Agricultural and Biosystems Engineering Publications

Campus Units

Agricultural and Biosystems Engineering

Document Type

Article

Publication Version

Published Version

Publication Date

8-15-2015

Journal or Book Title

Journal of Environmental Management

Volume

159

First Page

18

Last Page

26

DOI

10.1016/j.jenvman.2015.05.003

Abstract

Methane emission is an important tool in the evaluation of manure management systems due to the potential impact it has on global climate change. Field procedures used for estimating methane emission rates require expensive equipment, are time consuming, and highly variable between farms. The purpose of this paper is to report a simple laboratory procedure for estimating methane emission from stored manure. The test developed was termed a methane production rate (MPR) assay as it provides a short-term biogas production measurement. The MPR assay incubation time is short (3d), requires no sample preparation in terms of inoculation or dilution of manure, is incubated at room temperature, and the manure is kept stationary. These conditions allow for high throughput of samples and were chosen to replicate the conditions within deep-pit manure storages. In brief, an unaltered aliquot of manure was incubated at room temperature for a three-days to assay the current rate of methane being generated by the manure. The results from this assay predict an average methane emission factor of 12.2 ± 8.1 kg CH4 head−1 yr−1 per year, or about 5.5 ± 3.7 kg CH4 per finished animal, both of which compare well to literature values of 5.5 ± 1.1 kg CH4 per finished pig for deep-pit systems (Liu et al., 2013). The average methane flux across all sites and months was estimated to be 22 ± 17 mg CH4 m−2-min−1, which is within literature values for deep-pit systems ranging from 0.24 to 63 mg CH4 m−2-min−1 (Park et al., 2006) and similar to the 15 mg CH4 m−2-min−1 estimated by (Zahn et al., 2001).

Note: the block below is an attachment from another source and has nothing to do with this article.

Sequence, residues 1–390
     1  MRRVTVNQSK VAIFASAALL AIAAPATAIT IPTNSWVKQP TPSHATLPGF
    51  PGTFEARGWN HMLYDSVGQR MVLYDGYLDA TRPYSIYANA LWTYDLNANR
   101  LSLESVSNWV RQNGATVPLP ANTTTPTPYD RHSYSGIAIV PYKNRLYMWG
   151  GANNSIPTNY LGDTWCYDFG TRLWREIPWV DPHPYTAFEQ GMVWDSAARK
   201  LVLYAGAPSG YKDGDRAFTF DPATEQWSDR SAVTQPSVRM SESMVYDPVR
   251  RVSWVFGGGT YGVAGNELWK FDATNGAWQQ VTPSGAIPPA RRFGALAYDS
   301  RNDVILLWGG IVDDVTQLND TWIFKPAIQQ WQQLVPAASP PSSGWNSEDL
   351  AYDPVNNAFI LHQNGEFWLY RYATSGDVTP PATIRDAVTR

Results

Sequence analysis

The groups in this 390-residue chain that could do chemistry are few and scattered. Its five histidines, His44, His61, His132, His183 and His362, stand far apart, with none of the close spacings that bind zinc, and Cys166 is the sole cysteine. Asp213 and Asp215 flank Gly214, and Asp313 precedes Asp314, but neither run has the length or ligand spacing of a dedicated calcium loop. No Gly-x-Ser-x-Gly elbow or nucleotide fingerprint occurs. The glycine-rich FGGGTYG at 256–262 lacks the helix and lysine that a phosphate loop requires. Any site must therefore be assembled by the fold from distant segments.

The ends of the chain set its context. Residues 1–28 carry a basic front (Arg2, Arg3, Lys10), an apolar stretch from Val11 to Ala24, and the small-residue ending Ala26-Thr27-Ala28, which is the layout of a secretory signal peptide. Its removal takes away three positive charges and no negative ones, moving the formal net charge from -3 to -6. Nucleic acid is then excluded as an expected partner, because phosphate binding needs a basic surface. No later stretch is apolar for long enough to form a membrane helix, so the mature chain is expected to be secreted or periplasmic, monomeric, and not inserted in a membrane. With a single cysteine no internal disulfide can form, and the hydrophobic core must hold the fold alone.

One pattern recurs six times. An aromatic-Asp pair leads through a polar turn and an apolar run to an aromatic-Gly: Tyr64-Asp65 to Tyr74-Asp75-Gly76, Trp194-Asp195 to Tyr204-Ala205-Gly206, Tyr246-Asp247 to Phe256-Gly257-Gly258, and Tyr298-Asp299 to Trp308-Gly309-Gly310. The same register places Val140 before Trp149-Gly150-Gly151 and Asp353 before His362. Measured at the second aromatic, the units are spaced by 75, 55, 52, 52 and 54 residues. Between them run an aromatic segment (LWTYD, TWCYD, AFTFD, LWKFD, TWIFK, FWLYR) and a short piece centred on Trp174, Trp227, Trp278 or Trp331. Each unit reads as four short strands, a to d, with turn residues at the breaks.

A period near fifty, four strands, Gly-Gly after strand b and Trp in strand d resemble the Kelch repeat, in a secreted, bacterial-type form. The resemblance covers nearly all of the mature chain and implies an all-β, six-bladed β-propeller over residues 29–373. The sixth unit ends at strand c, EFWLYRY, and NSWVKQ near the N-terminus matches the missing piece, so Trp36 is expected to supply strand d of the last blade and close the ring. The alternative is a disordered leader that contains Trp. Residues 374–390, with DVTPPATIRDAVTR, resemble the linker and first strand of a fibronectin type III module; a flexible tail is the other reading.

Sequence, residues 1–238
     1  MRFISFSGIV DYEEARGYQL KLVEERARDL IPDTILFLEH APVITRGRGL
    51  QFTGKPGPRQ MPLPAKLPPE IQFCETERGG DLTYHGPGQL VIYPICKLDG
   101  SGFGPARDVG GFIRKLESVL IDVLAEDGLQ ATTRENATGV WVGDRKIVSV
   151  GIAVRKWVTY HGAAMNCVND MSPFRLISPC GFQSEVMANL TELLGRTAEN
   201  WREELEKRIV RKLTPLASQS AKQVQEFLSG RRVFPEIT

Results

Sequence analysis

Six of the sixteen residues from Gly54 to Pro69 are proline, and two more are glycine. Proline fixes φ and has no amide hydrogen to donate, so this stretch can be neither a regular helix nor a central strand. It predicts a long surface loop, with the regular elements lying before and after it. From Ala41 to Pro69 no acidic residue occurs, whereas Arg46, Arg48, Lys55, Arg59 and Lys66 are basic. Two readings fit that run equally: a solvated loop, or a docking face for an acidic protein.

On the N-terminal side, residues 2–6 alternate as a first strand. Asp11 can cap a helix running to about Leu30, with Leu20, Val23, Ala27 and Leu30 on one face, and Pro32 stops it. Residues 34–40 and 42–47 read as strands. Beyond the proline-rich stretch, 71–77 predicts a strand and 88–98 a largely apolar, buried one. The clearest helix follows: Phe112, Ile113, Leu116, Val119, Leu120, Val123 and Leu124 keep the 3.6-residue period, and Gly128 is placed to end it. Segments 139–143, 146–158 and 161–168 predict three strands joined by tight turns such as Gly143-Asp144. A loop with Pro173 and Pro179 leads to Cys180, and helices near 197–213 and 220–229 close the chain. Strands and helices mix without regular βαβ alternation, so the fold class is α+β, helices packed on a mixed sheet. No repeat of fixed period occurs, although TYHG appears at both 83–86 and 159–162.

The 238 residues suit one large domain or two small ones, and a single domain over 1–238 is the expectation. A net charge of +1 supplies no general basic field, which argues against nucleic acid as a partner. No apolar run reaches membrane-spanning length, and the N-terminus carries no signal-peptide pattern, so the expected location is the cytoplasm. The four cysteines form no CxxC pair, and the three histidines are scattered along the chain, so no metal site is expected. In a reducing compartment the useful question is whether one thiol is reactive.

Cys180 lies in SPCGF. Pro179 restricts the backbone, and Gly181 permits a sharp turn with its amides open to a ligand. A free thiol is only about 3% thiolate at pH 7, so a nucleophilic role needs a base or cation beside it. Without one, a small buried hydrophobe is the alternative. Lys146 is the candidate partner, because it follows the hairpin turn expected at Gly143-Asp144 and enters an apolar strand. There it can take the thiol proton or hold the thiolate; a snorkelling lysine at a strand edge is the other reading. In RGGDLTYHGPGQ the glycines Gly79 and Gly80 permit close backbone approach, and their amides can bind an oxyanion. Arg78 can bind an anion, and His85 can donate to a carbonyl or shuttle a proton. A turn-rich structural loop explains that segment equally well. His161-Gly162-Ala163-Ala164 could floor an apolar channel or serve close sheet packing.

Comments

This article is from Journal of Environmental Management 159 (2015): 18–26, doi:10.1016/j.jenvman.2015.05.003.

Access

Open

Rights

Works produced by employees of the U.S. Government as part of their official duties are not copyrighted within the U.S. The content of this document is not copyrighted.

Language

en

File Format

application/pdf